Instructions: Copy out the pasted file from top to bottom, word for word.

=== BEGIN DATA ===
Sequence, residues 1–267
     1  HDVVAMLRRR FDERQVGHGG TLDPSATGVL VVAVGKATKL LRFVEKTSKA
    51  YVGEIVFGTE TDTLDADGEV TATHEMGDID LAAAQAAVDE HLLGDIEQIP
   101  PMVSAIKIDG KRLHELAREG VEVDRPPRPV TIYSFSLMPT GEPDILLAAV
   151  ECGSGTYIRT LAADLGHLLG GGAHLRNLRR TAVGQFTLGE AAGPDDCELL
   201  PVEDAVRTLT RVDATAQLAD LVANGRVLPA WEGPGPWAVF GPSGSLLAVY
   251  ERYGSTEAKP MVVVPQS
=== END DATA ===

Sequence, residues 1–267
     1  HDVVAMLRRR FDERQVGHGG TLDPSATGVL VVAVGKATKL LRFVEKTSKA
    51  YVGEIVFGTE TDTLDADGEV TATHEMGDID LAAAQAAVDE HLLGDIEQIP
   101  PMVSAIKIDG KRLHELAREG VEVDRPPRPV TIYSFSLMPT GEPDILLAAV
   151  ECGSGTYIRT LAADLGHLLG GGAHLRNLRR TAVGQFTLGE AAGPDDCELL
   201  PVEDAVRTLT RVDATAQLAD LVANGRVLPA WEGPGPWAVF GPSGSLLAVY
   251  ERYGSTEAKP MVVVPQS